Romney slams Obama's 'misleading' ads amid criticism of his own attacks on welfare policy

Mitt Romney campaigns at Central Campus High School in Des Moines, Iowa, on Wednesday, Aug. 8.
AP Photo/Charles Dharapak
Mitt Romney campaigns at Central Campus High School in Des Moines, Iowa, on Wednesday, Aug. 8.
AP Photo/Charles Dharapak

(CBS News) NEW YORK--Mitt Romney on Thursday took umbrage at what he called inaccurate and misleading ads run by the Obama campaign and an allied super PAC, even as his own campaign continues to run an attack ad that has been deemed "pants on fire" false by a fact-check organization.

Asked by conservative radio host Bill Bennett about the "lowball nature" of an ad being run by the pro-Obama Priorities USA Action super PAC, which tries to tie the presumptive nominee to a woman's cancer death, Romney said fact-checking groups have called the ad misleading.

"The various fact-checkers look at some of these charges that are in the Obama ads and they say that they're wrong and inaccurate and yet he keeps on just running them," Romney said in the radio interview. "You know, in the past, when people pointed out that something was inaccurate, why campaigns either pull ad, they were embarrassed. Today they just blast ahead."

But the issue cuts both ways, as Romney well knows. His own campaign's most recent ad claims that under the Obama administration's recent changes to welfare reform, people wouldn't have to work or train for a job. "They just send you your welfare check," a voiceover proclaims. This claim has also been debunked by multiple fact-check groups, which point out that the changes to the welfare law are meant to offer states greater flexibility, but require that states increase the amount of people moving from welfare to work.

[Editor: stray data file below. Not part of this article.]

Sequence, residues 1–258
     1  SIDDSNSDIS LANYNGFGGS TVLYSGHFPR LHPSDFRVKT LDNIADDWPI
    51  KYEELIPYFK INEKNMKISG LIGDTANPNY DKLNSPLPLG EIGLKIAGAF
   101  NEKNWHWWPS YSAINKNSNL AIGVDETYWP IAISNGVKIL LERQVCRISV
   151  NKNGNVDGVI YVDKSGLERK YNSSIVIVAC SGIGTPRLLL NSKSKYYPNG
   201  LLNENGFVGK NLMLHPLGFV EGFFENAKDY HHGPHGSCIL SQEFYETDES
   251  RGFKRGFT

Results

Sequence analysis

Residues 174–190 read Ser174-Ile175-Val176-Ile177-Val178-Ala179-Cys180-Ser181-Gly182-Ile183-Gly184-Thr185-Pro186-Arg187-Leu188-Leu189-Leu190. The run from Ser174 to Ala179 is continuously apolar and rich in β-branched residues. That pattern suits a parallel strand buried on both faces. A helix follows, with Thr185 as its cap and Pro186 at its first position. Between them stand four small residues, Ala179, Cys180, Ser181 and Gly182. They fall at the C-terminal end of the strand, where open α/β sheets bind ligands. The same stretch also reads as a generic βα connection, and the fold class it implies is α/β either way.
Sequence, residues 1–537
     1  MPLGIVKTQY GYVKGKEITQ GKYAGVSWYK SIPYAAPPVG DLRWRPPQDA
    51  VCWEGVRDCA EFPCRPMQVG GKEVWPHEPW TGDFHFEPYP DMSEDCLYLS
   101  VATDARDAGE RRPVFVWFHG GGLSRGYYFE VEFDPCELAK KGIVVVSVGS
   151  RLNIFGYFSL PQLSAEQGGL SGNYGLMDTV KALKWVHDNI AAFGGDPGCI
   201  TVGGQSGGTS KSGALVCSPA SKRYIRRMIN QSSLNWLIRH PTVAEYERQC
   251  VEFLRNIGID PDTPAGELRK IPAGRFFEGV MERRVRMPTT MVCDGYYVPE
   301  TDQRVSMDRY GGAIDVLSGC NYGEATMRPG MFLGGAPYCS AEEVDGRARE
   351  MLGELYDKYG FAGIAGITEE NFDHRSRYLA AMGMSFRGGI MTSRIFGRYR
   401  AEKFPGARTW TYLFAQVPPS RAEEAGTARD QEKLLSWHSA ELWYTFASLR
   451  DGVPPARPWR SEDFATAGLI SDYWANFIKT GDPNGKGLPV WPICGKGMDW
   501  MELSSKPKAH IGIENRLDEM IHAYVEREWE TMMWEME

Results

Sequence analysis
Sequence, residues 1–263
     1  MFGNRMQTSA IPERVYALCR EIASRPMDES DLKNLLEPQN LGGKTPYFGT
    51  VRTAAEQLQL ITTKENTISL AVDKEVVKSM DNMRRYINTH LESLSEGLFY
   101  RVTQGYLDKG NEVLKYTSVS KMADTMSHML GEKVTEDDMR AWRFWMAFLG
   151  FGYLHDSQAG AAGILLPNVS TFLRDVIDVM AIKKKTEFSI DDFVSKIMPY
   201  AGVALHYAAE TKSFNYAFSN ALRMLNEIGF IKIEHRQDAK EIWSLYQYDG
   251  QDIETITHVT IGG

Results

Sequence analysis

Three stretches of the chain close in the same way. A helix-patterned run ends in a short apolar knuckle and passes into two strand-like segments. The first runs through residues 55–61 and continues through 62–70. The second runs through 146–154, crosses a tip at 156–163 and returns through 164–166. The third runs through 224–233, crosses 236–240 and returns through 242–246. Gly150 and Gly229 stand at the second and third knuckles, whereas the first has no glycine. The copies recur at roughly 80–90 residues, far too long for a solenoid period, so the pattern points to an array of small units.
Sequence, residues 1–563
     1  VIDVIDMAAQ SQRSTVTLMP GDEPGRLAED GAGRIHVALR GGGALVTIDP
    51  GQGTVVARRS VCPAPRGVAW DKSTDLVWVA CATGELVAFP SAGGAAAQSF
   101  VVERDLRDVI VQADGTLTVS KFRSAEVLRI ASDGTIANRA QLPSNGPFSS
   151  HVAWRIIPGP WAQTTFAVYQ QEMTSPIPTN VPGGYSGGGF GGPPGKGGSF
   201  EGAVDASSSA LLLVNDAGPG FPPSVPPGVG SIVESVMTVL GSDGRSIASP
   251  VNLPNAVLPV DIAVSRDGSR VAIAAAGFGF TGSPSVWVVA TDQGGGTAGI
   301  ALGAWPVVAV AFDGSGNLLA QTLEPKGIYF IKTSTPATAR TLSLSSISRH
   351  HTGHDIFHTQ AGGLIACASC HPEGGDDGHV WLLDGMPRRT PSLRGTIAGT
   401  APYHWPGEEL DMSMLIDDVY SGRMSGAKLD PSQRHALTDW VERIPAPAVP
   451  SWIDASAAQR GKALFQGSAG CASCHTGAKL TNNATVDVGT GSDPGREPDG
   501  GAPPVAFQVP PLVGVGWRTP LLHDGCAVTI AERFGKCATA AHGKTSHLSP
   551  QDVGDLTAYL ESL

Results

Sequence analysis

(Watch: Romney continues controversial attack on welfare.)

Despite his own rhetoric decrying false and misleading advertisements, Romney's campaign has shown no sign that it will remove its own factually challenged ads or stop making similar charges on the stump. Instead, Romney continues to make the argument that Obama is pushing a "policy of removing work from welfare," which he says will moving the country toward "a culture of dependency."

To bolster his point, Romney gave an example of a question he was asked while shaking hands on the rope line after a campaign event in Iowa on Wednesday.

"(A woman) said, 'But you know, how about the people who have children at home and, you know, don't want to work?' And it's like, well, we have to work," Romney told Bennett in his radio interview. "The idea we're going to have a citizenry that raises families but doesn't work, and the concept of government to pay for the nurturing of their children and for the support of the adult, that is just not something that can build the kind of society which is uplifting to the individual and strengthening to the nation."

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    Sarah Huisenga is covering the Mitt Romney campaign for CBS News and National Journal.